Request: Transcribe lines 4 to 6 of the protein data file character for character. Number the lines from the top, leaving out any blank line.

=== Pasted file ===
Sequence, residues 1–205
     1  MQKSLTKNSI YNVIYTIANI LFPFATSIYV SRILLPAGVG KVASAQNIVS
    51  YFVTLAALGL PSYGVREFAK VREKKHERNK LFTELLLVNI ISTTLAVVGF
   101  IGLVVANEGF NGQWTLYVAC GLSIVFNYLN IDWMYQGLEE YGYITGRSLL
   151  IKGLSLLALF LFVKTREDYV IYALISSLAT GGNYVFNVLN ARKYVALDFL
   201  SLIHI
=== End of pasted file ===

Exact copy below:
   101  IGLVVANEGF NGQWTLYVAC GLSIVFNYLN IDWMYQGLEE YGYITGRSLL
   151  IKGLSLLALF LFVKTREDYV IYALISSLAT GGNYVFNVLN ARKYVALDFL
   201  SLIHI